Prestressed concrete

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Prestressed concrete diagram

Prestressed concrete is defined as a concrete construction material which is placed under compression prior to it supporting any applied loads (ie it is "pre" stressed).[1] This compression is produced by the tensioning of high-strength "tendons" located within or adjacent to the concrete volume, and is done to improve the performance of the concrete in service.[2] Tendons may consist of single wires, multi-wire strands or threaded bars, and are most commonly made from high-tensile steels, carbon fibre or aramid fibre.[1]:52-59 The essence of prestressed concrete is that once the initial compression has been applied, the resulting material has the characteristics of high-strength concrete when subject to any subsequent compression forces, and of ductile high-strength steel when subject to tension forces. This can result in improved structural capacity and/or serviceability compared to conventionally reinforced concrete in many situations.[3]

First used in the late-nineteenth century,[1] prestressed concrete has developed to encompass a wide range of technologies. Tensioning (or "stressing") of the tendons may be undertaken either before (pre-tensioning) or after (post-tensioning) the concrete itself is cast. Tendons may be located either within the concrete volume (internal prestressing), or wholy outside of it (external prestressing). Whereas pre-tensioned concrete by definition uses tendons directly bonded to the concrete, post-tensioned concrete can use either bonded or unbonded tendons. Finally, tensioning systems can be classed as either monostrand systems, where each tendon's strand or wire is stressed individually, or multi-strand systems where all strands or wires in a tendon are stressed similtaneously.[3]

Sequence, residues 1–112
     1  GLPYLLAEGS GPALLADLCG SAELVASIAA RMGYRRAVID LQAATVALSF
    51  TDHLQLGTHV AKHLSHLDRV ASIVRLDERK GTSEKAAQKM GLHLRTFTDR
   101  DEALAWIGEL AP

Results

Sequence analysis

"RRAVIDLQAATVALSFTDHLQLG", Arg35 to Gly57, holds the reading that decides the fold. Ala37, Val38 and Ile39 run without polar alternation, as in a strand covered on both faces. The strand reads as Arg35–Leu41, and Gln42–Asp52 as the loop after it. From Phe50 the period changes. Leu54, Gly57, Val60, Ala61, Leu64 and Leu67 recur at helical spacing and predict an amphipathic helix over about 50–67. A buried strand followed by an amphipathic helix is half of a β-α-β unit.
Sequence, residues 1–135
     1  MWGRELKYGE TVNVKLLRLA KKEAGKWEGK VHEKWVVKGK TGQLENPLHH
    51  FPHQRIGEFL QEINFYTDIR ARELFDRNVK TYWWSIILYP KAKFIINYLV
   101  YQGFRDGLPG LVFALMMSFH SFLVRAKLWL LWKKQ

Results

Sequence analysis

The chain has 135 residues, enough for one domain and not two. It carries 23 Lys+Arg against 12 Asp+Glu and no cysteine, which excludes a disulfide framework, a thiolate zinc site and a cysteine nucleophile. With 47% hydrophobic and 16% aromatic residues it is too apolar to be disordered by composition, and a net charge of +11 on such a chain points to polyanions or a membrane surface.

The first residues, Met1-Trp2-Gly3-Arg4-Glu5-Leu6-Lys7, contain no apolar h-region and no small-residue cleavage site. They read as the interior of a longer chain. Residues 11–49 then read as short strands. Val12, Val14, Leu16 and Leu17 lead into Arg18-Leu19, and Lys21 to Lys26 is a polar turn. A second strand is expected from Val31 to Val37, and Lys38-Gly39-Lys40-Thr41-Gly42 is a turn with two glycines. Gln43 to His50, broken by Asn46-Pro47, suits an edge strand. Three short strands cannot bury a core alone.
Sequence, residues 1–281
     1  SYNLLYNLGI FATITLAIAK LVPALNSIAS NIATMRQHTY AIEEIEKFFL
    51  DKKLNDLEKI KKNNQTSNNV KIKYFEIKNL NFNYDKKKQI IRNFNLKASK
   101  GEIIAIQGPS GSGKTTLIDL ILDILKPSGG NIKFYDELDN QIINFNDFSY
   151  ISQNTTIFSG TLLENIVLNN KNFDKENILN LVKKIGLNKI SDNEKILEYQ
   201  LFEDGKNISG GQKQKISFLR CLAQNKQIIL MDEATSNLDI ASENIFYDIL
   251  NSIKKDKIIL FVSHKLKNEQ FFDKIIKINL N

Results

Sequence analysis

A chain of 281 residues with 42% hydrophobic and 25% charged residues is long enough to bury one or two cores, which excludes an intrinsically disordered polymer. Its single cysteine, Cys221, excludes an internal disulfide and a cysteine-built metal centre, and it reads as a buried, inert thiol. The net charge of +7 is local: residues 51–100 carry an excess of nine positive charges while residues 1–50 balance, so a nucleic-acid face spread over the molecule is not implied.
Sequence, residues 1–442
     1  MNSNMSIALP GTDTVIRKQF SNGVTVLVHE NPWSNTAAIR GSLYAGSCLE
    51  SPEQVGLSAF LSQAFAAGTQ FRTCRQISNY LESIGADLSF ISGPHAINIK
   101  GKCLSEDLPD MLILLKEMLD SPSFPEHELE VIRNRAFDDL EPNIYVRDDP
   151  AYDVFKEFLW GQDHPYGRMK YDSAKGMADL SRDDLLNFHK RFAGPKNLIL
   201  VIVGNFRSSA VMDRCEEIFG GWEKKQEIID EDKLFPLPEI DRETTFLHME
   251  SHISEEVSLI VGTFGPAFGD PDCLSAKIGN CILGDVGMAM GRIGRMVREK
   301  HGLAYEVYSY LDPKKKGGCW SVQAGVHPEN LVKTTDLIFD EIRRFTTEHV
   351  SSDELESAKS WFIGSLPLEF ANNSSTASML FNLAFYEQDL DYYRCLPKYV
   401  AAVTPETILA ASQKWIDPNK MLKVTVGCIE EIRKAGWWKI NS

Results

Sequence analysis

Prestressed concrete is used in a wide range of building and civil structures where its improved concrete performance can allow longer spans, reduced structural thicknesses, and material savings to be realised compared to reinforced concrete. Typical applications range through high-rise buildings, foundation systems, bridge and dam structures, silos and tanks, industrial pavements and nuclear containment structures.[4]

Pre-tensioned concrete[edit]

Pre-tensioned bridge girder in precasting bed. Note single-strand tendons exiting through formwork

Pre-tensioned concrete is a variant of prestressed concrete where the tendons are tensioned prior to the concrete being cast.[1]:25 The concrete bonds to the tendons as it cures, following which the end-anchoring of the tendons is released, and the tendon tension forces are transferred to the concrete as compression by static friction.[3]:7

Pre-tensioning is a common prefabrication technique, where the resulting concrete element is manufactured remotely from the final structure location and transported to site once cured. It requires strong, stable end-anchorage points between which the tendons are stretched. These anchorages form the ends of a "casting bed" which may be many times the length of the concrete element being fabricated. This allows multiple elements to be constructed end-on-end in the one pre-tensioning operation, allowing significant productivity benefits and economies of scale to be realised for this method of construction.[3][5]

The amount of bond (or adhesion) achievable between the freshly-set concrete and the surface of the tendons is critical to the pre-tensioning process, as it determines when the tendon anchorages can be safely released. Higher bond strength in early-age concrete allows more economical fabrication as it speeds production. To promote this, pre-tensioned tendons are usually composed of isolated single wires or strands, as this provides a greater surface area for bond action than bundled strand tendons.[3]

Pre-tensioned hollow-core plank being placed